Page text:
A late afternoon heaviness had settled on the Midwestern city. Kate’s wedge sandals clipped along with a steady, unhurried beat on the slightly uneven brick sidewalk. The shops would be closing soon, but Kate didn’t mind. She had driven in two days before her scheduled appearance at the city’s gardening convention to escape the drama between her grown siblings and acquaint herself with the area, not to shop.
Ahead Kate spied an awning that read Turn the Page Vintage Books and Records. The name gave her a quiet chuckle. Just as she pushed open the belled door a hot gust of wind swirled her white cotton sundress up around her thighs. Kate glanced around to see if anyone had witnessed the Marilyn moment and breathed a short sigh of relief at the seemingly empty store.
The pleasant fragrance of old ink, paper and something she couldn’t identify filled Kate’s nostrils as she slowly worked her way through the stacks of assorted titles. Many of her old friends were strewn about—Du Maurier, Alcott, Thane, Whitney. The familiar names gave her a pang as she remembered the woman who had introduced her to them. When would this childlike longing for her mother stop, she wondered.
The bell on the door gave a silvery tinkle as it opened. Kate didn’t look up. She never let her own relatives see her tears, much less a complete stranger. With her head down she continued to finger the worn spines, debating on whether or not to arm up a couple of them. The presence of the other person changed the atmosphere of the space. She could feel the newcomer’s eyes on her.
Kate looked up. Golden evening light streamed in windows backlighting the man. He was tallish, with a strong but lanky frame. Dark brown hair that fell to his shoulders framed his bearded face and he stood, as if frozen. Slowly her eyes adjusted and the rest of his features came into focus. He raked his fingers through his hair from forehead to neck and smiled. Kate gasped in recognition and took an involuntary step forward.
“Carver? Is it really you?” she whispered.
Her only reference was one photograph, emailed almost two years ago. The correspondence had begun innocently enough. After finding her website he had written her with questions about rooftop gardens but, over the course of several months, their conversations had progressed to other topics—their shared love of Bob Seger, dislike of camelback crickets, fascination with weather patterns. She found herself longing for words from him, her heart rate increasing with each new message. They had even toyed with meeting, but he had a serious girlfriend and then her mother fell ill. So they stopped playing with fire and slowly ended contact, but not before exchanging pictures. She could still remember the exact lines of his email:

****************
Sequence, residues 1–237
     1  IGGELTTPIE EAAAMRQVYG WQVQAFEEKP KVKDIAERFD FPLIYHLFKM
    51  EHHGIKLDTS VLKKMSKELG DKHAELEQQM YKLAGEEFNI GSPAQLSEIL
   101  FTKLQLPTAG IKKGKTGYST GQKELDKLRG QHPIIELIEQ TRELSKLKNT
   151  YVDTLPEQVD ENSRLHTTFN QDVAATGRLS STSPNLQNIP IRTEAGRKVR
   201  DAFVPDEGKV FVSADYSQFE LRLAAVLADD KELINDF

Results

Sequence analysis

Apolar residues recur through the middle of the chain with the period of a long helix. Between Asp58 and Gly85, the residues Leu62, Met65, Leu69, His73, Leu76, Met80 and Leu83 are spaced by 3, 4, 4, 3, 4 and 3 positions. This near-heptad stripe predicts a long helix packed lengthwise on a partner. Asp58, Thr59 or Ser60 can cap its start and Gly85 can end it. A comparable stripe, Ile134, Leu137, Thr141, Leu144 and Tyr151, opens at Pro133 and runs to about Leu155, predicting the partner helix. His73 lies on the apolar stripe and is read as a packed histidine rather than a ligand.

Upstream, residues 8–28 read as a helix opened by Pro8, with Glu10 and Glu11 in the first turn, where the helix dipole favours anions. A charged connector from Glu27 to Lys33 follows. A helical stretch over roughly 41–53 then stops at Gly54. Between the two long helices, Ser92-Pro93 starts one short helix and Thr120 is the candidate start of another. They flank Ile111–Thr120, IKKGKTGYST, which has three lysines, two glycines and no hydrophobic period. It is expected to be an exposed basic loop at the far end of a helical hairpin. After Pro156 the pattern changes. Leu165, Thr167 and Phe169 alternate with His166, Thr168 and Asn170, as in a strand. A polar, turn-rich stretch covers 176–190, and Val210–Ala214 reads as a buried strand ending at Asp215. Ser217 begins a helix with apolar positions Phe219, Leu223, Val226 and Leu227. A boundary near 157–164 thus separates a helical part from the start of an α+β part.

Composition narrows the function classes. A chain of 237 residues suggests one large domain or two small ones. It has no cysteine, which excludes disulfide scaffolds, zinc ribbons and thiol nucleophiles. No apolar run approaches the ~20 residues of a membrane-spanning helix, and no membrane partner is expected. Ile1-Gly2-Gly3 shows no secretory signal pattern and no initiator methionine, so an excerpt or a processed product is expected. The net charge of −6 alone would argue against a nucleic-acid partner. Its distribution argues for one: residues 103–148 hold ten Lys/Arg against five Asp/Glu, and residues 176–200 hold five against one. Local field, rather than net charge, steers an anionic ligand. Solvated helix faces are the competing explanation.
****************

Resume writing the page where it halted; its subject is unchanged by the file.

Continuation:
Please have this. So that maybe someday we will cross paths. Perhaps in an outdoor market, a hotel lobby or maybe we will simply be walking in opposite directions on the same sidewalk. But someday when the timing is right we will look up, our eyes will meet and we will know.
“Kate,” he said. It wasn’t a question.
Carver crossed the room with long, confident strides, put long fingered hands on either side of her face and looked into her wide grey eyes. Her lips parted as she searched blindly for her words. She found none. So she communicated the only way she could. Kate covered his hands with her own and brought them to her lips, slowly showering his palms with moist, open-mouth kisses as tears dripped from her long, curly eyelashes. His rough intake of breath confirmed that his need matched hers. He gently wrapped his arms around her, holding her in much the same way one handles a fragile bird.
“The timing is right,” he whispered as he bent his head to her upturned face.